Get a language card for definite, if it doesn't have one .. but beyond that... To be honest, you're wasting your time unless you have something very specific in mind, or are planning on writing it yourself. Usually the best you can do is to find the "Appleworks" driver for the card itself and get a larger desktop ramdisk... but I'm picking your Apple II isn't your main word processing platform these days. :)
Last edited by Gibsaw on Sun Nov 04, 2012 11:53 am, edited 5 times in total.
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Re: CFFA3000 in a Apple IIe

Postby falco on Sun Nov 04, 2012 11:11 am

Yes, that's exactly what it was, though I think the card was a clone. If I recall, it provided five 16k blocks that could be switched in and out like the language card. And also, as you say, I think it was only AppleWorks that supported it, though I don't quite recall the details of that, I might be thinking of my //e which had more. To be honest, it's more for the sake of having a ][ Plus spec'd out to its maximum than adding a great deal in functionality; for functionality I have a late model //e or GS I could use, and I'll probably set them up as well. I'm working on a room in my basement for this gear, I'd like to have three or four Apples set up, probably this ][ Plus, a very standard and original Europlus, a platinum //e (or maybe a non-enhanced one), and a GS. I'll also need two or three Spectravideos, at least one ZX81, probably a Mac 128 and Plus, and a home-made S-100 Z80 machine. I have a few projects there! Providing some method of software image storage for all these will be interesting but not too hard. I'd need both tape and disk, GCR and CP/M, and probably MS-DOS, though the latter two should be pretty straightforward.
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Re: CFFA3000 in a Apple IIe

Postby tezza on Sun Nov 04, 2012 1:24 pm

Yes, I tend to tailor my machines to the software available. For instance my IIGS ROM 3 has the standard 1MB onboard. I wondered about getting a RAM card for the RAM expansion slot but I couldn't really see the point. There are few IIGS programs I know of that take advantage of it. Same goes for my TRS-80 Model 4. It's 64k even though I do have the expansion kit for it to take it to 128k. Hardly any software took advantage of that though so I figure what's the point. Also, it would then not reflect the 64k badge shown on the keyboard bezel.

One thing about Apple II+ and cards though. How many card need to go in before cooling might become a problem. My Europlus has the language card, an 80 column card and the Disk II card. I'm thinking of adding a serial card, printer card and PAL card to reflect a fully-decked out system. That's 6 of the 7 slots occupied. Does cooling become an issue?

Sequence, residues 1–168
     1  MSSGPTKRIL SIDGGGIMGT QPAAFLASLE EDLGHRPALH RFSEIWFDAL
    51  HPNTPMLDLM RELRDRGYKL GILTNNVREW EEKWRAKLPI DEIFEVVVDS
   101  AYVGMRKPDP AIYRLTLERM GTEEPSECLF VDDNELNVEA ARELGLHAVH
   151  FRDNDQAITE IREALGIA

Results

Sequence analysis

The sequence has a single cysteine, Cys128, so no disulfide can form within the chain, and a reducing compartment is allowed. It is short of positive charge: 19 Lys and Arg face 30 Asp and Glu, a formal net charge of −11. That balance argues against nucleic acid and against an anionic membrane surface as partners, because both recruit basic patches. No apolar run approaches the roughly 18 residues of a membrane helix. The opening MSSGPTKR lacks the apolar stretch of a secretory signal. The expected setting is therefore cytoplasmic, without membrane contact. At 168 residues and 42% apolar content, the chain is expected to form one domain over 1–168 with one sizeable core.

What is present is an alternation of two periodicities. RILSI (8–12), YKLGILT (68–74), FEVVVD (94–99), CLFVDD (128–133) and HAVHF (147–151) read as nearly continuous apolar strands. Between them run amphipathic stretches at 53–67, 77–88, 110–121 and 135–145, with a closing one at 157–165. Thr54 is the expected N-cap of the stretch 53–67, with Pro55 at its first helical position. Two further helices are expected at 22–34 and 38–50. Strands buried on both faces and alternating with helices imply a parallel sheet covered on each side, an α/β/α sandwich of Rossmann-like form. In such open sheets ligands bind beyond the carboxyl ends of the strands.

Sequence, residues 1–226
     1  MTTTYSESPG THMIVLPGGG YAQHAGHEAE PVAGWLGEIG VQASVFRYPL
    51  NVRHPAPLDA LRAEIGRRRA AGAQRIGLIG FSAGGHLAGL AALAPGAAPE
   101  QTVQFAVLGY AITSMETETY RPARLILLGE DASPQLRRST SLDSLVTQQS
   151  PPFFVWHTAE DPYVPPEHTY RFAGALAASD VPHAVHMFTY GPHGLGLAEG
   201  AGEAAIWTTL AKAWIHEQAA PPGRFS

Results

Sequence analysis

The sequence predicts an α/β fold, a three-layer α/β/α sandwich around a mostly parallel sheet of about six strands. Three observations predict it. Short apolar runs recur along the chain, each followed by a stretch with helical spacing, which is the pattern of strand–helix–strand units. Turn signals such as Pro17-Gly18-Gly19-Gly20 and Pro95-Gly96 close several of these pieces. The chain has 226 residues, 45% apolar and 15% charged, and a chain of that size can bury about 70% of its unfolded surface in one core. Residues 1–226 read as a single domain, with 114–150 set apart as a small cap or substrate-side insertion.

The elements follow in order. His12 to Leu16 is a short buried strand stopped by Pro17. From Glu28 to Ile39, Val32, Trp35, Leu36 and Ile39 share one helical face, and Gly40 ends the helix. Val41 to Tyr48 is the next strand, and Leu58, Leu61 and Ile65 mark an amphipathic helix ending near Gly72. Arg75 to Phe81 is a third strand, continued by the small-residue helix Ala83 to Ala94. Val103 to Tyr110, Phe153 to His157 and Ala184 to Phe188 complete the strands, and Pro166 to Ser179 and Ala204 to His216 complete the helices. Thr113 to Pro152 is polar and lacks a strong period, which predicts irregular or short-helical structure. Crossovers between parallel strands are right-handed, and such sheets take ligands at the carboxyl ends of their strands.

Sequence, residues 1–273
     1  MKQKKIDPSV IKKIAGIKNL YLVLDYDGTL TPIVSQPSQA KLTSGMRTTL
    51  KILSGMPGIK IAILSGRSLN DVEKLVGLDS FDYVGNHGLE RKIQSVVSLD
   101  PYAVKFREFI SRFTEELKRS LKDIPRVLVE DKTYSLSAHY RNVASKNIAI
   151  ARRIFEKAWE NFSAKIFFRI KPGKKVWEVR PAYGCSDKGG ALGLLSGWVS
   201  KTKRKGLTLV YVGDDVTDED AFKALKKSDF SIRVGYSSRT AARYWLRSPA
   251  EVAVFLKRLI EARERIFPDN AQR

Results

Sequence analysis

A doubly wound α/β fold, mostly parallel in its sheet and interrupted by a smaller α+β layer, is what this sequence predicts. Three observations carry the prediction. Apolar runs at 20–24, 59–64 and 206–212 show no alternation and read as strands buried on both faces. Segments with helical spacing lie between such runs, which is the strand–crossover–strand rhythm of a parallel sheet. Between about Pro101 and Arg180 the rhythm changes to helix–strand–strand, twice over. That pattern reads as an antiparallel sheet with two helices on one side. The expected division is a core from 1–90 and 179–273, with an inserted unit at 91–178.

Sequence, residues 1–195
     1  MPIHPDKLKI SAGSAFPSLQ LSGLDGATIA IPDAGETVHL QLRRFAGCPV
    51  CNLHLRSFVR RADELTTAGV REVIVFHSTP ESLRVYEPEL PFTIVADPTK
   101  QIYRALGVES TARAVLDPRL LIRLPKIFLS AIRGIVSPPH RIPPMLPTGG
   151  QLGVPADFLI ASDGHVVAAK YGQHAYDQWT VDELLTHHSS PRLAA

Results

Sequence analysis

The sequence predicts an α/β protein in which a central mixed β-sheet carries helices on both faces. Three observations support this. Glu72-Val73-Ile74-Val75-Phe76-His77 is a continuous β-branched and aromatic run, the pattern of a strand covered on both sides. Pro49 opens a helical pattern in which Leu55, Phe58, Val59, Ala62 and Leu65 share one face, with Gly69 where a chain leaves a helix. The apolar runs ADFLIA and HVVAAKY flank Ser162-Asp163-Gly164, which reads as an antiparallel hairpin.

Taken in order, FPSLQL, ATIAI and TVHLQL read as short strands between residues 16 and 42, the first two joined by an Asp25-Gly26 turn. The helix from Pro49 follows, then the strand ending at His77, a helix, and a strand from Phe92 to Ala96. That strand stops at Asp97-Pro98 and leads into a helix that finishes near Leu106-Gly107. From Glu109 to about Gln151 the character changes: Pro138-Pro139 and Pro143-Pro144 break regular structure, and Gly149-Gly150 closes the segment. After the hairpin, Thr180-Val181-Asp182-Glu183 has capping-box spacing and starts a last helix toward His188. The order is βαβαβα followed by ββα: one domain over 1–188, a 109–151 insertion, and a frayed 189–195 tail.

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Re: CFFA3000 in a Apple IIe

Postby falco on Sun Nov 04, 2012 2:17 pm

It was pretty common to fit cooling fans to the side of them, this particular machine has mounting points for a standard sized fan there (one of the period modifications), and I have a clip-on one I might use. I'd worry more about power supply capacity though, I think. Having said that, I doubt the modern bits (MP3 card, CFFA3000) will consume a significant amount of power, and the CFFA3000 is likely to consume far less than a running Disk II, so I think it'll be OK.
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Re: CFFA3000 in a Apple IIe

Postby Gibsaw on Sun Nov 04, 2012 2:18 pm

Yes it does... cooling does become a problem, and so can load on the power supply, depending on what you put in. In terms of period equipment, the "kensington system saver" solves the cooling issue, and third party PSU's ("Applied Engineering" and others) were available.

However, as falco has mentioned. The biggest power drain on the system is the moment the Disk II starts it's motor. The CFFA 3000 won't use much.
"dsakey" on trademe. Apple II's are my thing.
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Re: CFFA3000 in a Apple IIe

Postby falco on Sun Nov 04, 2012 3:52 pm

I have to say, the Plus and //e I had in the 80s were both very comprehensively filled - I think I had 6 or maybe all 7 slots in both filled, and I never had any PSU capacity or cooling issues. I'm not going to worry about it a great deal, though I could replace the Plus's PSU with one out of a late model //e, I have a few of those that have far better output current ratings than the regular ones. They are original Apple parts, so I guess they were fitted as standard to some machines.